Tuesday, October 09, 2007


POSITION AVAILABLE: Wetnurse for ailing husband. Teeth not a problem because he has only one. Burping not necessary. The successful candidate will have perky nipples and dispense apple juice in lieu of milk. Inquire within.

Sunday, October 07, 2007

Story Time

Most of the bloggers I know read books—c’mon, I know you guys do—but you never seem to mention anything you’ve been reading. I’m not talking about a big fancy New York Times Review of Books-type review, but I never hear so much as a peep about a book you’ve recently enjoyed—or didn’t. (Exception: Kim Ayres read the final Harry Potter before everyone ruined the ending for him.)

I am a compulsive novel reader because I like stories. If I wanted non-fiction, I would read the newspaper and the electric bill. With a lot of time spent in the prone position conserving my lungs, I’ve been reading more than ever. I’ve polished off some favorite classics and several 1,200-page fantasy novels this summer, but here are a few worth mentioning.

Heart-Shaped Box by Joe Hill. This is a horror novel from the git-go and it never lets up. Turns out Joe is Stephen King’s son, but he has a style all his own. Martha and I both really liked it. Joe has a book of short stories called 20th Century Ghosts coming out on 10/16.

Blaze by Richard Bachman. Yes, Stephen King’s old pen name and yes, a Bachman-style book: More of a thriller than horror. Blaze is a person (vs. a forest fire) and he’s the first psychopath I’ve ever felt pity and sorrow for. Maybe that’s the horror—the reader feels sorry for a psycho.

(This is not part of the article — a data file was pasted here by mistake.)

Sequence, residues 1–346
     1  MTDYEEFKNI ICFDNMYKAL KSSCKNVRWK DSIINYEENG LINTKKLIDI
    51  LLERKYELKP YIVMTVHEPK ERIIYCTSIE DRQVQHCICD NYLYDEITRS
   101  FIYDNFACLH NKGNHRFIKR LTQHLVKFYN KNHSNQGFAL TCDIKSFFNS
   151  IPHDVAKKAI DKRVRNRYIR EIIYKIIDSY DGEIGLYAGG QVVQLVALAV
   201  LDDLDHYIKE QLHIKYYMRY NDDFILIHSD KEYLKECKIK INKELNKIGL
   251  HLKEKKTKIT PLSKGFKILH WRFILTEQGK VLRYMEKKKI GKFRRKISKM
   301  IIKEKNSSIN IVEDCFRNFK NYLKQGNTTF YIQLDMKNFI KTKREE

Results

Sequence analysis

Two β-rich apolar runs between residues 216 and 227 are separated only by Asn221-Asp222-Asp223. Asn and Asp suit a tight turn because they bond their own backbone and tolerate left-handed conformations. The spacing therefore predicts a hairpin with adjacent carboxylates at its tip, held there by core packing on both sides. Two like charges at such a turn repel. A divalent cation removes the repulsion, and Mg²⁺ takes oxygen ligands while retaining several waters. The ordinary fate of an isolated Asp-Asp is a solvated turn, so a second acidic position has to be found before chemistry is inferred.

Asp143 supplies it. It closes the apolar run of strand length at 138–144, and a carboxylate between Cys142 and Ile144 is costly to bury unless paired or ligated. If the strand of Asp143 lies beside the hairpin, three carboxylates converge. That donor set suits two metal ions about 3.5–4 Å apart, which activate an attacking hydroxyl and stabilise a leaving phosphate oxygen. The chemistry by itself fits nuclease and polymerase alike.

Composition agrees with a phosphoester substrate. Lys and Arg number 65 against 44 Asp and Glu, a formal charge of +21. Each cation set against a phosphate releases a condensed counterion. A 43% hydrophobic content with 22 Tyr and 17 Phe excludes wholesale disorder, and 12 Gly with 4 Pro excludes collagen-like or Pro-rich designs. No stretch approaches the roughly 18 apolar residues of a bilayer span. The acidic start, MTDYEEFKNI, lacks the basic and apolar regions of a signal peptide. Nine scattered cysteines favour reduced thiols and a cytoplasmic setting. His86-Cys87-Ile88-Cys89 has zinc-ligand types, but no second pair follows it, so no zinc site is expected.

Tin Roof Blowdown by James Lee Burke. Burke, a native Louisiana Cajun, writes his 16th novel about cop Dave Robicheaux—and maybe his last. The book is mostly about Hurricane Katrina, up close and personal and horrifying with lots of facts not publicized. This book is a heart breaker too as Burke mourns not only the loss of life, but also the loss of New Orleans—the beautiful antebellum and Victorian homes and neighborhoods that can never be rebuilt or restored.

A Thousand Splendid Suns by Khaled Hosseini. This is the man who wrote The Kite Runner, which I defy anyone to put down once they’ve started it. Splendid follows two generations of characters from the Soviet invasion of Afghanistan to post-Taliban rebuilding (although in reality, the Taliban is back). The main character, Mariam, is a harami—a bastard—and Hosseini will literally jerk the tears out of your eyes.

The Septembers of Shiraz by Dalia Sofer. Switch to Iran after the Revolution and the installation of the Ayatollah. We follow the story of another family, Jewish, but Isaac the father is falsely imprisoned for being loyal to the Shah instead of his religion. Sofer’s writing is beautiful, and I cannot understand why she’s isn’t on the bestseller list with Hosseini.

Okay, on to my current book, North River by Pete Hamill. Here are some tag words: New York City, Little Italy, the Great Depression, WWI, a doctor whose wife disappears, the same doctor whose daughter leaves her three-year-old son at his doorstep and disappears . . . nobody today writes about historical New York and the immigrants like Hamill.

So it’s off to bed to rest and read because I just love stories . . .